An L-cut to an elaborate set piece. It’s an after-show party for the president. The scene opens with the painting of Bill/Custer. Cleveland is greeting the performers. We see that the room is also decorated with paintings of Bill, as if closing in on those inside it, as if consuming them (it does consume Bill eventually, at least). The American flag, too, is ubiquitous, as it is everywhere in the film. Bill meets a fine-looking lady who, he learns, is a soprano. Her English is broken, with an Italian accent, The first lady introduces her as Nina Cavellini, who starts to sing. It’s the strangest moment in the film. Altman presents the entire song in the soundtrack, without his usual overlap of soundscapes, while he photographs the faces of those who are listening. It’s an assortment of reaction shots ranging from faces that are visibly moved, stunned, impressed, indifferent and plainly bored. This three-and-a-half minute song segment is truly out of character with the rest of the film, a blind spot that defies all theoretical evaluations. What we and the crew experience is an entirely alien cultural artifact, and this moment teases us as to how we should react to it: As high culture embodying the best of civilization? As a kind of imperial entity in foreign soil? Why should this be any more exotic than Native chants? The confusion is compounded when the bravura performance is followed by the first lady’s remark that she is always ‘trying to spread culture’. Bill asks Nina to stay for a few days so that he can show her the real Wild West. She replies, in good American accent (like how Nate speaks in Native tongue), that her secret life with General Benjamin is wild enough and turns his offer down. This is the last phase in the de-sexualizing of Buffalo Bill, so to speak.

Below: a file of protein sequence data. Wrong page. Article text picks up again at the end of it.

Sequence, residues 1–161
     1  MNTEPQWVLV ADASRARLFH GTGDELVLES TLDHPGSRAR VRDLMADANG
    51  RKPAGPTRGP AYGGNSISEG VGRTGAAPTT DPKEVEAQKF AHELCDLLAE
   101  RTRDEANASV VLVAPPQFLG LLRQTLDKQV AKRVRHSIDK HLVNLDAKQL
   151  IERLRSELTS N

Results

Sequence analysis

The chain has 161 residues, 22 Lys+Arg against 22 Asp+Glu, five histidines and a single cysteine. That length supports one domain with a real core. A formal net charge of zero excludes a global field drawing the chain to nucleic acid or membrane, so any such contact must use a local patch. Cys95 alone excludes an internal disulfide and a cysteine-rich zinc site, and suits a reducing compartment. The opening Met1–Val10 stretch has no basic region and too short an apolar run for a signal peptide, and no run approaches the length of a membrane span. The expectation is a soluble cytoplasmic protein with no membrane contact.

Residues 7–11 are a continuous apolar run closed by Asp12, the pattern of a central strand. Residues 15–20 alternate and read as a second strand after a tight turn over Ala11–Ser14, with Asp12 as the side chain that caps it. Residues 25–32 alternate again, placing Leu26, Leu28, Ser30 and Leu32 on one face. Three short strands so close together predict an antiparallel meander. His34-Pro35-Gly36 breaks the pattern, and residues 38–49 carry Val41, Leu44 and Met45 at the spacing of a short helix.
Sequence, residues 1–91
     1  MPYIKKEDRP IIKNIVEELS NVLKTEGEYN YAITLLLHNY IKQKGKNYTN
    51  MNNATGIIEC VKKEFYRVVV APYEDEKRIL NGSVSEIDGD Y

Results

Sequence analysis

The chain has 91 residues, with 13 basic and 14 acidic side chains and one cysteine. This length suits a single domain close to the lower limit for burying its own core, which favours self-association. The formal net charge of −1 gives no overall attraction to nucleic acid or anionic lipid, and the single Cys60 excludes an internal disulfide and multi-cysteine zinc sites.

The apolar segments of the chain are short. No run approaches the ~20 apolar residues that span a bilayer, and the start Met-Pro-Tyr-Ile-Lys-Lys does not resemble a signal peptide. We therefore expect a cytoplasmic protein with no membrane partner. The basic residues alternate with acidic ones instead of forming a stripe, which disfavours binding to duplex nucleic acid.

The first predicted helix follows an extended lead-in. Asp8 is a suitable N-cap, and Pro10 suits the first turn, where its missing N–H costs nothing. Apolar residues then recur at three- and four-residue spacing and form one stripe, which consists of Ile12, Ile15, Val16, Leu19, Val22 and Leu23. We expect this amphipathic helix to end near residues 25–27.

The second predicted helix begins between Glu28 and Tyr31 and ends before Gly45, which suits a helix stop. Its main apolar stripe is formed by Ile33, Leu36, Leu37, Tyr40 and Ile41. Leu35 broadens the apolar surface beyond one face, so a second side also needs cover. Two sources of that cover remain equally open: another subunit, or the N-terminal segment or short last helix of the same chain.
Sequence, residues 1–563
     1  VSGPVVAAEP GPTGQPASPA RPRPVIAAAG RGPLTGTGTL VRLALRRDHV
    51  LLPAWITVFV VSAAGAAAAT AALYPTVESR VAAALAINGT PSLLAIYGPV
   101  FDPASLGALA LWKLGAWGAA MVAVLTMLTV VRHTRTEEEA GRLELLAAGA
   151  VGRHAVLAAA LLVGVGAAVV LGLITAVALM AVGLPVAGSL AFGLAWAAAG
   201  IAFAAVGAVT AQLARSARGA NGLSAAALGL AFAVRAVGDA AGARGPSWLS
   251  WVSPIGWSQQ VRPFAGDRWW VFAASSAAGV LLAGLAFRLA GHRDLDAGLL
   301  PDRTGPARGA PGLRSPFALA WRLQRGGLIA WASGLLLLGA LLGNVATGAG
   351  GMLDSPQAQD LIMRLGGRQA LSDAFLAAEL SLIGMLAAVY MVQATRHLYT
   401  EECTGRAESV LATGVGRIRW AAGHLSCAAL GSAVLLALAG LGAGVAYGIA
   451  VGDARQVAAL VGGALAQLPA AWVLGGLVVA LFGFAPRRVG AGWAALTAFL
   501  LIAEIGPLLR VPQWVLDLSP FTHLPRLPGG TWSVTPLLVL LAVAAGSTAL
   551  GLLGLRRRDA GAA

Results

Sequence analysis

As Nina walks away from an overly embarrassed Bill, she spots Halsey and Bull at the entrance of the party. Ed attempts to shoo them away when Cleveland asks him to let the good comedians in. Altman cuts the ensuing conversation like how he did during the first meeting between Bull and Bill, isolating each party in separate frames. Halsey tells Cleveland that if he can do one particular thing for the clan, they’d be grateful. Cleveland hedges, doesn’t even listen to the request and turns it down. His wife cowers behind his gigantic frame. Halsey and Bull leave the place. Everyone congratulates president for his brave confrontation, as if it was a game of chess. Bill proposes a toast, chalking another theory about Indian chiefs and American presidents (“The president always knows enough to retaliate before it’s his turn”), and offers his personal bed for resting. He tells Cleveland that he will sleep under the stars, listening to the lullaby of the coyotes. Cleveland is floored. Bill walks away as a hero. A shot of Bull’s clan chanting. They’re probably mourning. Bill walks towards the bar, meets Dart, the African American ranch hand winding his cleaning work. He tells him that Injuns need to learn from coloreds instead of making a fuss and that his father was killed trying to keep slavery out of Kansas (It turns out that he was trying to keep blacks out of Kansas, hence slavery!). He offers Bert a chance to drink with him, but the latter declines this radical offer, making up a reason to leave.